The Days of the Ostrich Can and Must End
Posted: August 01, 2003
Some months ago the West Virginia Board of Education, with the help of many, including Mike Hayden, developed and initiated a Student Code of Conduct and an Employee Code of Conduct. They are sound policies with meaningful language. But we all know that written requirements often need fierce implementation to be truly meaningful. We are asking for your help.
Developing the policies was not easy. Some urged that we could never “fix the problem”, a problem as old as time, so why try to tackle it? Others fought the Board's commitment to the well-being of all students and all staff. Other critics picked at the language of the Student Code, and decided it was “too much work”. These critics missed the whole point that the policies should lead to a changed culture.
On the other hand, the need to deal with the problem was well known by the Board: everyone who has been a student-indeed, anyone who has lived!-has experienced bullying, hurtful teasing, or some other sort of wrongful conduct. Many if not most adults vividly recall when they were bullied or witnessed bullying or when they bullied. All of us know that the problem is rampant; so what we must do is admit that it is in every aspect of school. We have to admit it and stop ignoring it when we see it. We have to make sure that we allow ourselves to see it. I know that if you take just a moment you can recall instances of bullying or harassment which you witnessed or heard about during the course of the last school year. I would bet that many of them were ignored.
In fact, when we were developing the Codes we recalled that from time to time we had received reports from the 55 counties regarding incidents of harassment. The statistics were shocking, but not as you might expect. The reported incidents were very low. They were so low that they were obviously false. Maybe they were not “intentionally false” but at the very least they displayed the age-old ostrich approach.
The Codes of Conduct, in their spirit as well as in their letter, must be communicated, implemented, and modeled by all educators. To ignore wrongful acts and hurtful words sends a message to students which destroys their expectation for the safe and appropriate learning environment to which they are entitled.
The conduct of all school employees and the students in their charge greatly affects the quality of education provided to each student and the development of the whole child. Our children become victims or are witnesses to bullying, harassment, intimidation, and other such wrongful conduct every day. It happens in the classrooms and in the hallways. It happens to the public school students, the private school students, and the home schooled students. It happens on the playing field, the practice court, the band room, and on the school bus. It happens because some adults in positions of authority are perpetrators and because some other adults in positions of authority are enablers. We have allowed wrongful conduct to happen in our presence. We have been made aware of it and we have minimized or otherwise ignored it. Wrongful conduct happens because adults and some students have come to expect it. We owe it to our children and to each other to break the cycle. Everyone involved in the educational process must make this commitment because now we all know that the impact on a child can be devastating and even life-altering. By 2003 we all should have learned that it puts lives a stake.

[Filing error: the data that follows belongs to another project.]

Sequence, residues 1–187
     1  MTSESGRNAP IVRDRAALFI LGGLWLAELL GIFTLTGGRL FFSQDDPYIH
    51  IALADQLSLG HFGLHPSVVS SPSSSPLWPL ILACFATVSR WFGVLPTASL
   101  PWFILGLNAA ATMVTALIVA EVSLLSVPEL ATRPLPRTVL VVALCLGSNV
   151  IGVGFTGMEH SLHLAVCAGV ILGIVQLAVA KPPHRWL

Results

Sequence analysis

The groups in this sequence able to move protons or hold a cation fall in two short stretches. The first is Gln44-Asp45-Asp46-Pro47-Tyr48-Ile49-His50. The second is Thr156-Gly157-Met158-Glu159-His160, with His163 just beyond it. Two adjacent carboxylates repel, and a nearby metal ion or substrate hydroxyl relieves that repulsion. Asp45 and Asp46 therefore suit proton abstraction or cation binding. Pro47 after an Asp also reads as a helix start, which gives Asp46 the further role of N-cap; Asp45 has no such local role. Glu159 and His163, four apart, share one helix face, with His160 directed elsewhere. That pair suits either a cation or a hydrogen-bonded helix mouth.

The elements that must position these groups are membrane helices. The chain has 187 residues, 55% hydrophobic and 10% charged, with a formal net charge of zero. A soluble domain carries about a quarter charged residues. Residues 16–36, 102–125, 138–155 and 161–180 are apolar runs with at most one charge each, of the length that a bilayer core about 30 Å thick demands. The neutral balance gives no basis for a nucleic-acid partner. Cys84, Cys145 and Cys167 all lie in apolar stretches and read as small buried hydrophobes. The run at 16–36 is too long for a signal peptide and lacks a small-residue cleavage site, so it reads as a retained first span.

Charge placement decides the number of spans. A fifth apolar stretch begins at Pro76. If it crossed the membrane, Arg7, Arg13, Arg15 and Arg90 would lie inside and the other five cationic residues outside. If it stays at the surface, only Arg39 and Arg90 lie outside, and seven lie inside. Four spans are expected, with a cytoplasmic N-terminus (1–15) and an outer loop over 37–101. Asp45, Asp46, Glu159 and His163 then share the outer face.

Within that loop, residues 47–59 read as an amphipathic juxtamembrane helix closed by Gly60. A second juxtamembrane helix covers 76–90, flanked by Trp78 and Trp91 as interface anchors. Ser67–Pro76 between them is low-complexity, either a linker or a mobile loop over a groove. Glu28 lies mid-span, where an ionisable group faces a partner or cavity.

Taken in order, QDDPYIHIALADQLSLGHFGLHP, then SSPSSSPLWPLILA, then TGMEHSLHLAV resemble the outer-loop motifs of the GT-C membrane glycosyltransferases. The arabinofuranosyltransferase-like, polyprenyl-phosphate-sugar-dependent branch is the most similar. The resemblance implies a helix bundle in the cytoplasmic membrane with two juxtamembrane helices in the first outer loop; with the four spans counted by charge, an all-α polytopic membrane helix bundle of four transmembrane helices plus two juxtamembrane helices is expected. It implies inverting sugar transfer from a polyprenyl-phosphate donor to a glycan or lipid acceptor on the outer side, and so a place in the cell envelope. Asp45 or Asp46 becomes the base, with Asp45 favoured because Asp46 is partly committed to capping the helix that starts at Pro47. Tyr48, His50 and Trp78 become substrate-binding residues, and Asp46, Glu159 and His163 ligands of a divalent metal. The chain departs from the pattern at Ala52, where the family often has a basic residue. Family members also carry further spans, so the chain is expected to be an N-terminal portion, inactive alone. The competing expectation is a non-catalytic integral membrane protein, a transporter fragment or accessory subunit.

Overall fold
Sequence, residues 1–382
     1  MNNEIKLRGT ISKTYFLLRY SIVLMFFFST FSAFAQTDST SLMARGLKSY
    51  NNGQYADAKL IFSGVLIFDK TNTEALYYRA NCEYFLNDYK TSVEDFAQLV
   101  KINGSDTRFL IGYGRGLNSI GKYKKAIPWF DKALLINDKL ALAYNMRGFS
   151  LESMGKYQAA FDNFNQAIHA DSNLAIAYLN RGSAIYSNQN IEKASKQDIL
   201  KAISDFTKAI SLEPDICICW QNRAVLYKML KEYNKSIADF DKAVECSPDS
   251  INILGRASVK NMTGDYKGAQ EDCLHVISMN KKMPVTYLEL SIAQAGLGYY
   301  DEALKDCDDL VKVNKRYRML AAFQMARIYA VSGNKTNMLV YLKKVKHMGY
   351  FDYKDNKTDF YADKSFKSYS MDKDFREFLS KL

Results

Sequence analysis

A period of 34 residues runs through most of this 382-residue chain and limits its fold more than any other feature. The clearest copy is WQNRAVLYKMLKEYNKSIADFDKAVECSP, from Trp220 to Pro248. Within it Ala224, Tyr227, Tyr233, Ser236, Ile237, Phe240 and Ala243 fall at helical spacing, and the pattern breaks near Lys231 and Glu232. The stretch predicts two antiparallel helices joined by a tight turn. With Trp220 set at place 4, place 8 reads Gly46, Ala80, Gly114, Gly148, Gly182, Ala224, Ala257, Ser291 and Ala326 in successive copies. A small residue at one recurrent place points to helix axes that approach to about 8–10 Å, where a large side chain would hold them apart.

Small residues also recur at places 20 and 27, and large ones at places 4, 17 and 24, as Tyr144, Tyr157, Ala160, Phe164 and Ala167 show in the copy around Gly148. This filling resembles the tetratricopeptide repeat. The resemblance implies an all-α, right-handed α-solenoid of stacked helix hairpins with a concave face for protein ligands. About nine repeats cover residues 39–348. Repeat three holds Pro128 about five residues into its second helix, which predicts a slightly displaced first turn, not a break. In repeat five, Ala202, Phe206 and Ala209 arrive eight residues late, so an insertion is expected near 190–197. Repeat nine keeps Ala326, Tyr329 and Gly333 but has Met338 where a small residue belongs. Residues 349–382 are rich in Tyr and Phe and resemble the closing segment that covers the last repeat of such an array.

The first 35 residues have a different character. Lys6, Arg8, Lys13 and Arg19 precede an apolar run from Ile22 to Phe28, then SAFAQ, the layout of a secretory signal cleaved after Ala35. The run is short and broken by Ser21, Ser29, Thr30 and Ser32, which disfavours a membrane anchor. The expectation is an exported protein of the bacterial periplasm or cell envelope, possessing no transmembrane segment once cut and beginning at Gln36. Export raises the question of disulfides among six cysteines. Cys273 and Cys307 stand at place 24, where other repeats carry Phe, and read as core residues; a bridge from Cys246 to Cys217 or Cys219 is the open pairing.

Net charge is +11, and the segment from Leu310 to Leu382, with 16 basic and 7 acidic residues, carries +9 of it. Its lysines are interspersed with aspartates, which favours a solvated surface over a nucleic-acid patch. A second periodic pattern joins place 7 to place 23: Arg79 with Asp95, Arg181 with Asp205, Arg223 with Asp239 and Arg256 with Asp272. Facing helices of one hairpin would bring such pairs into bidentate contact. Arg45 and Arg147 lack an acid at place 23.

The Codes of Conduct were implemented to protect students and staff. They were implemented to help empower students and staff. They were designed to raise awareness and to require facing and addressing these problems. YES, IT CAN BE ELIMINATED IN SCHOOL SETTINGS. It takes: 1) the decision to rid ourselves of the mentality that “boys will be boys” or “girls can be so cruel”; 2) the acceptance of the approach that “reporting is right” and required; and 3) setting the example of “good conduct” and requiring nothing less.
The appropriate school climate will cause former victims to want to come to school. It will make our students “better learners” whether learning mathematics, baseball, or how to play a trombone. The appropriate school climate will make students and staff alike better human beings. Principals, coaches, and teachers must take their leadership roles, responsibilities, and obligations seriously. Simply put, parents and students must be consistently shown that everyone in the school system will require that every other person will be treated with respect.
The Codes of Conduct require each student and each employee to “do the right thing”, look, listen, and follow-through. Make sure that neither you nor anyone in your presence mistreats any other school employee or student. Let that expectation be known consistently through your words and conduct. Then and only then will you have that model “classroom” wherever and whatever it is that you are “teaching” and the students are “learning.”
Most importantly eliminate from your thoughts and actions the antiquated idea that reporting is tattling and tattling is wrong. Examine your “style” and make sure it includes modeling and teaching respect and compassion. Don't look the other way any more. Let your students and colleagues know that you will do your part to make sure that those days are done. Do bury one thing: bury the concept of tattling. Greet the school year by taking the Codes of Conduct to heart and to action. Show your students that they can count on YOU to “right the wrongs”. It could save a life. It will break the cycle. And it is the right thing.